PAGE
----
Create a DIY Humidity Tray for Your Plants
Fall and winter means dry air in your home, which is rough on humans and plants! (Except succulents, they love it). No matter the season, many houseplants need a little extra humidity to maintain optimal health. You can run a humidifier (but that takes up a lot of space and can be an eyesore) or try your hand at a DIY pebble humidifier tray to match your decor and meet your humidity needs.
To make a humidity tray you just need three things:
- A shallow tray or platter
- Decorative stones (like for a fish bowl) or marbles
Here’s how to do it:
- Place a shallow layer of stones in the dish
- Add enough water to cover them about halfway
- Place your potted plant on top of the stones
The evaporation from the tray will naturally humidify the area for your plant without impacting the look of your home decor! Plus, as a bonus, you can probably find these items at a dollar store for less than $5 total. You can use brightly colored stones, clear glass marbles, smooth black river rock, or anything else that fits your decor and style.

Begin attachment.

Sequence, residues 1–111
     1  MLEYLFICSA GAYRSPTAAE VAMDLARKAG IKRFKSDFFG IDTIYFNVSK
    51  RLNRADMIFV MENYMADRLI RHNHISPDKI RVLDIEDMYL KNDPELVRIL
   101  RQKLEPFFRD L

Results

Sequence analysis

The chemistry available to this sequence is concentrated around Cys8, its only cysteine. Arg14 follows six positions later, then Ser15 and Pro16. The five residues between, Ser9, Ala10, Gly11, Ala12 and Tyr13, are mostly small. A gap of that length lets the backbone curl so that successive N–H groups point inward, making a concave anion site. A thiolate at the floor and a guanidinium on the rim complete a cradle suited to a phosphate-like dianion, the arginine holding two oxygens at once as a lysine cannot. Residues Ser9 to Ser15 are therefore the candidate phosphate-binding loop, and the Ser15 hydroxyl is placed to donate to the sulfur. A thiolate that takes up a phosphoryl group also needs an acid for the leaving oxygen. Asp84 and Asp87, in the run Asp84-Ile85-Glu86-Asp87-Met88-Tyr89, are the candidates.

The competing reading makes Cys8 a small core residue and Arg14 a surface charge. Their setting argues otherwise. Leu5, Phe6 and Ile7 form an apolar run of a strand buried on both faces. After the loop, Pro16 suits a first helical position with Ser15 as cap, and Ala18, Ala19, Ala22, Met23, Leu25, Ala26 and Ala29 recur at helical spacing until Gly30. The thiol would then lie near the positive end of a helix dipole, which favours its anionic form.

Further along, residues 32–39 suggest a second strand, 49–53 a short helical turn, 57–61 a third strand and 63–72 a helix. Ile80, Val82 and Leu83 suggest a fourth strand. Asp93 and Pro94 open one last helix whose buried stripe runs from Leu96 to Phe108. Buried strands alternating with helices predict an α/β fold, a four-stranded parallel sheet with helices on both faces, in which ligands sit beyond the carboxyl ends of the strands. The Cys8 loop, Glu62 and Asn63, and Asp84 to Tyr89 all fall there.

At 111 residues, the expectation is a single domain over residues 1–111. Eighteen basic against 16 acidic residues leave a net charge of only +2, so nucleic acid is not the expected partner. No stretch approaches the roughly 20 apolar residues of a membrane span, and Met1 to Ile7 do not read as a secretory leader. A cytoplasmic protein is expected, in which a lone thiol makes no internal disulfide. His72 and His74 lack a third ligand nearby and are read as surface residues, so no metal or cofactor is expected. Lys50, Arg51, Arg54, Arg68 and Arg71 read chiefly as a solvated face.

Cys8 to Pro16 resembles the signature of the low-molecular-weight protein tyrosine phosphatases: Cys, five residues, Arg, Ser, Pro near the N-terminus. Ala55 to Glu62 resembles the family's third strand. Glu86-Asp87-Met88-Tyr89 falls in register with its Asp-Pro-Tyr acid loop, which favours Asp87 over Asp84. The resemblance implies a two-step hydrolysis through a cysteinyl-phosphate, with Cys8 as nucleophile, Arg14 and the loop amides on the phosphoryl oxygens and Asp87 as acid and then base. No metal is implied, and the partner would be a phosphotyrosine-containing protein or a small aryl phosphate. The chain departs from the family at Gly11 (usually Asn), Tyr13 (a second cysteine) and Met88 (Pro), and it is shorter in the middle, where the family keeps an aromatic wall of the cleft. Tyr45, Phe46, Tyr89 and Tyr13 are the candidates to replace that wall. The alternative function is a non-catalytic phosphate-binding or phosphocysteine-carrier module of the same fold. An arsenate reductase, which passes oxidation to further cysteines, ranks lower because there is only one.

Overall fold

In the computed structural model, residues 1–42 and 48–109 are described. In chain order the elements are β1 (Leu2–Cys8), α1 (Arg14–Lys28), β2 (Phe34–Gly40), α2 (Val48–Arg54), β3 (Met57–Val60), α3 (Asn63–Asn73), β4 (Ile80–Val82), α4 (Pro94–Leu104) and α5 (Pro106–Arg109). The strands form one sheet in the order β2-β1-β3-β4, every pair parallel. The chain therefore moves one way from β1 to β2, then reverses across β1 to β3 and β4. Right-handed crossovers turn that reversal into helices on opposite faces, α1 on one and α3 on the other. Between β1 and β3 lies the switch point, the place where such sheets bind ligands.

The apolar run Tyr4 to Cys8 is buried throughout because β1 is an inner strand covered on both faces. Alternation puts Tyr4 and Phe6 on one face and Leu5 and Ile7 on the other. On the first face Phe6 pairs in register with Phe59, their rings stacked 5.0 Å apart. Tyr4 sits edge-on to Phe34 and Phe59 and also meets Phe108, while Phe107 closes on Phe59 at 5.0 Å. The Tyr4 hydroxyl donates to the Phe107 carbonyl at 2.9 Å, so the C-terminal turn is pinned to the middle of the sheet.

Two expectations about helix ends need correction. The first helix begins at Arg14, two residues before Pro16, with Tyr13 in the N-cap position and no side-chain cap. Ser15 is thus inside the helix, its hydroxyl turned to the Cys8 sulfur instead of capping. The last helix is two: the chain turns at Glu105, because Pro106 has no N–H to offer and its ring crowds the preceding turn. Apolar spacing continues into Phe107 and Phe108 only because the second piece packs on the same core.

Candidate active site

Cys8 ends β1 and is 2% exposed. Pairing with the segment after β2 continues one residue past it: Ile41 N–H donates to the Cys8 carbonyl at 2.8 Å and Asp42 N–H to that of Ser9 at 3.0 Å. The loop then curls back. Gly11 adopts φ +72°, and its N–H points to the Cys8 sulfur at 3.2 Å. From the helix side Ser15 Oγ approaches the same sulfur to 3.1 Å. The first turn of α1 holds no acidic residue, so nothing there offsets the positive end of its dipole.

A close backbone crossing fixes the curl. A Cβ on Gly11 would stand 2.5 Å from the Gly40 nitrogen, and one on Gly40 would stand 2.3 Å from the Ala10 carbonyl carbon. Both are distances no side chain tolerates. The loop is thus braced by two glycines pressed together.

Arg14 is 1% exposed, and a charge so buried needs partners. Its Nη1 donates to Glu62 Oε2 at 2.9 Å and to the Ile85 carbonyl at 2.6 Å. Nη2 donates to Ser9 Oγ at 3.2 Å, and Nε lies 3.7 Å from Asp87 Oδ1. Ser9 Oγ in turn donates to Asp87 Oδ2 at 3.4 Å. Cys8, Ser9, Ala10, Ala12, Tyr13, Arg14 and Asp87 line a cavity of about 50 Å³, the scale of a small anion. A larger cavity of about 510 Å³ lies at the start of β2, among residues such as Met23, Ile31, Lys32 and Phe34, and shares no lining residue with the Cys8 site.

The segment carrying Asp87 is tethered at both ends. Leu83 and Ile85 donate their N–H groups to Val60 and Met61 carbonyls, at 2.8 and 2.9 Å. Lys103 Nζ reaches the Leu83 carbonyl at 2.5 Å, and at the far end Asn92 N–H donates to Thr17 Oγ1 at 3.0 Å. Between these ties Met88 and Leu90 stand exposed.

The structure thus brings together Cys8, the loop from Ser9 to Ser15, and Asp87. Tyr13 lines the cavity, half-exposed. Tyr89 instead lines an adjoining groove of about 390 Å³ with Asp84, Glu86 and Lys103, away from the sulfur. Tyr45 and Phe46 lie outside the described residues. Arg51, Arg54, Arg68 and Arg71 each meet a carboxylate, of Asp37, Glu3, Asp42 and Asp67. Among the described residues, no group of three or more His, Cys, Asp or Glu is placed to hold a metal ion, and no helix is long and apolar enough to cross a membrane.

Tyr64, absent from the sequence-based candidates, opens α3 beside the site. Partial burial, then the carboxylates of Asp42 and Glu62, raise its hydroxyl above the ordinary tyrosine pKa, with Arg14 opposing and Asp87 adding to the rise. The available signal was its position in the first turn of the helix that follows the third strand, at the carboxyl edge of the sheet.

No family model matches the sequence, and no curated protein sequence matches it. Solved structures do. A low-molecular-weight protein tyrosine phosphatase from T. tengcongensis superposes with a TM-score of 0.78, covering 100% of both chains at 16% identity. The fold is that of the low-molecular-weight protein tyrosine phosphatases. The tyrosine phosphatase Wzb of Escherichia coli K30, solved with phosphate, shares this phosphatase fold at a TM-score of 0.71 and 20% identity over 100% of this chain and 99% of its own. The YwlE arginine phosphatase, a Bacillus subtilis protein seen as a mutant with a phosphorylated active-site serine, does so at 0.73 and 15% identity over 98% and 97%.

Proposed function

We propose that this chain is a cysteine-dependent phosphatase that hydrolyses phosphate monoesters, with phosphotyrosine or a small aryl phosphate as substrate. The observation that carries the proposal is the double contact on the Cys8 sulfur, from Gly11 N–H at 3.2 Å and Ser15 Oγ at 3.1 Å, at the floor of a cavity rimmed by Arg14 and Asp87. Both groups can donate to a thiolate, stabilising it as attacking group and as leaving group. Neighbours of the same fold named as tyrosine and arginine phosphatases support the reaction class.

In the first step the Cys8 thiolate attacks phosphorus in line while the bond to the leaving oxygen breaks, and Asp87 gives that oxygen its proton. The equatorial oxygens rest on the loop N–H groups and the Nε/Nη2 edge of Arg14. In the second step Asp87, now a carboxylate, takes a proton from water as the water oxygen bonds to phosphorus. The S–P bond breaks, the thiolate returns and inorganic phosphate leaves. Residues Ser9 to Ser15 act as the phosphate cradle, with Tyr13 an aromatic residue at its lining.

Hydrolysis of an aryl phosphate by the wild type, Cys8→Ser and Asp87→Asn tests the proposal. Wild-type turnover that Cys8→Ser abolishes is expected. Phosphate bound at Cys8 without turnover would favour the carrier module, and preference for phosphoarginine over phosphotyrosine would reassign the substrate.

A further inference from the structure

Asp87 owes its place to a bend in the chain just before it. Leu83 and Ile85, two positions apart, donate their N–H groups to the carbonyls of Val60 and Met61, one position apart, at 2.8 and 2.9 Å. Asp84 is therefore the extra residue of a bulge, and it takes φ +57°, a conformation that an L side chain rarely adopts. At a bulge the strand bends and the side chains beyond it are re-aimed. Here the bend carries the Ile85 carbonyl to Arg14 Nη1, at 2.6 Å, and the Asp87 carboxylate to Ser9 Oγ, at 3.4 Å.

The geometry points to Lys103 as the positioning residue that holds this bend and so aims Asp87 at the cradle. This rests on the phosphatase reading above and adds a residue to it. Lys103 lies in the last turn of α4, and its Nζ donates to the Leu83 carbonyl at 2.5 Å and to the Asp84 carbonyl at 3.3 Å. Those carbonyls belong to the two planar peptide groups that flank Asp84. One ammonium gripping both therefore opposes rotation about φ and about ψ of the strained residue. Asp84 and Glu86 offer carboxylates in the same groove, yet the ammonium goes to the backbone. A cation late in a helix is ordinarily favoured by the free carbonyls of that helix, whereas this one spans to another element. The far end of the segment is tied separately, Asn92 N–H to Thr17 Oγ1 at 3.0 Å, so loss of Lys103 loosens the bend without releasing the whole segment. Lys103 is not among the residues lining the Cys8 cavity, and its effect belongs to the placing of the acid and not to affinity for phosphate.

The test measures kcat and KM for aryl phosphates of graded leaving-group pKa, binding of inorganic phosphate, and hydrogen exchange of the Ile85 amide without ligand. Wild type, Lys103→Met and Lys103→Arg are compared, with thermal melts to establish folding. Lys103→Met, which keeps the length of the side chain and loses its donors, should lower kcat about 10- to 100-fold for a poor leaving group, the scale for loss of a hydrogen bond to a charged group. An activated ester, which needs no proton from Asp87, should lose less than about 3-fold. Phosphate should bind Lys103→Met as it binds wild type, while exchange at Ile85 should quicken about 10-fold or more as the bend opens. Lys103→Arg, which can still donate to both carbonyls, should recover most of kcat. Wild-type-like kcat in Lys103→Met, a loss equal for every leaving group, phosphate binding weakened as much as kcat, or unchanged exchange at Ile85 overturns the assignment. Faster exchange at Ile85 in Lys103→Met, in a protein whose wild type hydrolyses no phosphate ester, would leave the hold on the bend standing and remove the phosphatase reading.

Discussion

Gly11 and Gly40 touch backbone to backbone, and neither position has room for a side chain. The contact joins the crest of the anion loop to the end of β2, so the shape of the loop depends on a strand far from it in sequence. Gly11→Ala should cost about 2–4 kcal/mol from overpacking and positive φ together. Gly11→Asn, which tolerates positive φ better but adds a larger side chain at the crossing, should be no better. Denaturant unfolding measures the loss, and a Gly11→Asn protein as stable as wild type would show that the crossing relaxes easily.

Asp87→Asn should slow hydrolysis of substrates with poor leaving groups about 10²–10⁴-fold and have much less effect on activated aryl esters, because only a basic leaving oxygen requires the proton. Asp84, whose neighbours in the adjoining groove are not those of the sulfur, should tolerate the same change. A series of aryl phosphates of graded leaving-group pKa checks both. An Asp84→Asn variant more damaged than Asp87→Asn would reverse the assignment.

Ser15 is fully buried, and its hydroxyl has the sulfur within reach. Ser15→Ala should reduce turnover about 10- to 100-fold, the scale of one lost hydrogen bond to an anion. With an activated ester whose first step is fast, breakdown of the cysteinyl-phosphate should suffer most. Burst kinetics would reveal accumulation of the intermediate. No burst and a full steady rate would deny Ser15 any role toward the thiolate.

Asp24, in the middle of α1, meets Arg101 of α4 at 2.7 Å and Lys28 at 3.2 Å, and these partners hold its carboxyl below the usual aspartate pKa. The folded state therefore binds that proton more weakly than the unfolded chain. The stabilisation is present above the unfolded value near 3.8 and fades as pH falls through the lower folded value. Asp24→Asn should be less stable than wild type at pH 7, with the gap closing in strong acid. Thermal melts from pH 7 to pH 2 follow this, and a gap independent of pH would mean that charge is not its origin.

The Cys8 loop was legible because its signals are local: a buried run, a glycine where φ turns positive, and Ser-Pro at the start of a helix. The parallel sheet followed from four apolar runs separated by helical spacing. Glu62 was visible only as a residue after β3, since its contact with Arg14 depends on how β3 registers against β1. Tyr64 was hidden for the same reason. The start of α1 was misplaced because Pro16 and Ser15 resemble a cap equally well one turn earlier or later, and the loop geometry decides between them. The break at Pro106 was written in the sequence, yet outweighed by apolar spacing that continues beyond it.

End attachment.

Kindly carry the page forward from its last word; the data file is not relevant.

Why do plants need humidity?
We all know that plants need water, but they can’t get everything they need from water in their soil. Plants respire through pores on their leaves, taking in carbon dioxide and letting out oxygen, and these pores will dry out if the air doesn’t have enough moisture. The good news is, plants naturally boost humidity around each other, so a few plants on humidity trays should help each other out!
Do all plants need humidity?
No -- Desert dwellers and drought resistant plants like succulents and cacti don’t need much humidity at all. They prefer dry air, so if you are setting up humidity trays or other humidifying tools, keep your succulents at a distance.
How do I know if my plants need more humidity?
You will notice dry soil and leaves if your plant is low on moisture. The most obvious sign is brown edges on leaves, but yellowing leaves are also an indicator of needing more ambient humidity in the plant’s location. If a plant seems like it’s too dry but you know you’re watering enough, humidity is probably the necessary adjustment to make!